Of late, Hogshead-Makar has had good reason to get involved in the controversy of transgender athletes and their impact on women’s swimming. It is a situation involving various forms of abuse of athletes in the same pool, the adults and decision-makers in the room unwilling to see the elephant or even acknowledge swimming history highly relevant to the impact of androgenisation in women’s sport even when all competitors are biological women, an issue I first raised in 2013.
Almost a decade has gone by and rule-makers are to be found lost, shrugging in the complexities of their own failings and, apparently, taken by surprise.
Some moments of surprise are more understandable, the invasion of Ukraine by Vladimir Putin sinking sports governors into a cultural shock long overdue: almost all have been too ready to cite the Olympic Charter and the need for neutrality and “no politics” in one breath, when putting athletes in their boxes, while sipping champagne with and enjoying the largesse of dictators and an assortment of other political leaders with questionable records. Such things never always come with a moment of pay back.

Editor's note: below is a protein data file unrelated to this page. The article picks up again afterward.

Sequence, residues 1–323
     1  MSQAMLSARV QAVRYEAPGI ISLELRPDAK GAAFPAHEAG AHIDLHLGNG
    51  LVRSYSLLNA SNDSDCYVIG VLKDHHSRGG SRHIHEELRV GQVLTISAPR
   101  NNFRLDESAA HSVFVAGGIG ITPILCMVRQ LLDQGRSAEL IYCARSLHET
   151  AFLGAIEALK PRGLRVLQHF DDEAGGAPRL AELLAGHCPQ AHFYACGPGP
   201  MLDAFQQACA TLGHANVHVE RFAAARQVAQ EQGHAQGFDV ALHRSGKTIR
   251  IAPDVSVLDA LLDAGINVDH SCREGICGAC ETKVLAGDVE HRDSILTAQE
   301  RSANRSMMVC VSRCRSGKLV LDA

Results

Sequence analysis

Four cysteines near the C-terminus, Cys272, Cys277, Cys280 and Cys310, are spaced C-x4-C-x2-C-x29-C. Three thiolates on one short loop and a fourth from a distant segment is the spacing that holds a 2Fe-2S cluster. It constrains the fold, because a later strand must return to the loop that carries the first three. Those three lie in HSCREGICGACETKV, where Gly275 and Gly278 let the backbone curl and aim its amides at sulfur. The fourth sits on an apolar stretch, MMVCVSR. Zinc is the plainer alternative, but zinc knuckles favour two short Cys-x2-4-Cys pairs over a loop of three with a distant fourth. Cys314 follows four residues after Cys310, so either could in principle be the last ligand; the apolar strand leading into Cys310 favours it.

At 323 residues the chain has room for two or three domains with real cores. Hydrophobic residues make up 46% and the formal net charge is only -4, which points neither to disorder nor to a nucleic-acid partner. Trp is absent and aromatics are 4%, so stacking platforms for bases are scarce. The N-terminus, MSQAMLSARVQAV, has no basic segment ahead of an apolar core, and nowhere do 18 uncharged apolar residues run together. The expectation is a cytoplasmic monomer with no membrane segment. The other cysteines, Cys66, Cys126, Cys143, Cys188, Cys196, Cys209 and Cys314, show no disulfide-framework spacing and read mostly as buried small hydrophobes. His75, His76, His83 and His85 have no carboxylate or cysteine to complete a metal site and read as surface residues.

It’s taken a war and the misery of many to bring sports leaders to their senses and strip Putin of the Olympic Order and the FINA Order. Let lessons be learned – and let it not be said that sports leaders were not warned.
The list is long when it comes to ‘why we can’t act’ when abuse (various forms) raises its ugly head, including “nothing we can do if there’s no criminal prosecution” even when knowing that any statute of limitation makes that highly unlikely in many cases. Such statutes do not mean there is nothing that can be done – and smart lawyers know it.
Nothing on the “can’t do” list is of any relevance in the absence of effort to change rules of the sport in the hands of those very same decision makers.
Reform is underway and as Francois Carrard (RIP), the Swiss lawyer long steeped in the Olympic Movement and all its victories and vanities, put it as chairman of the FINA Reform Committee of 12 that made recommendations now accepted by the FINA Bureau (board) and currently being implemented:
“[FINA] shall not leave a single stone unturned in the way in which it looks to the future. After all, reform is not a single event. It is a process that will test out patience.”Francois Carrard
Spot on. The issues can be complex. Indeed, the nature of rogues and roguery make it so. A change of approach is required.
In the past decade, survivors have being deposed and dealt with by lawyers and the sports organisations they earn fat fees from, for advice and handling, as if they were in the problem, not the victim.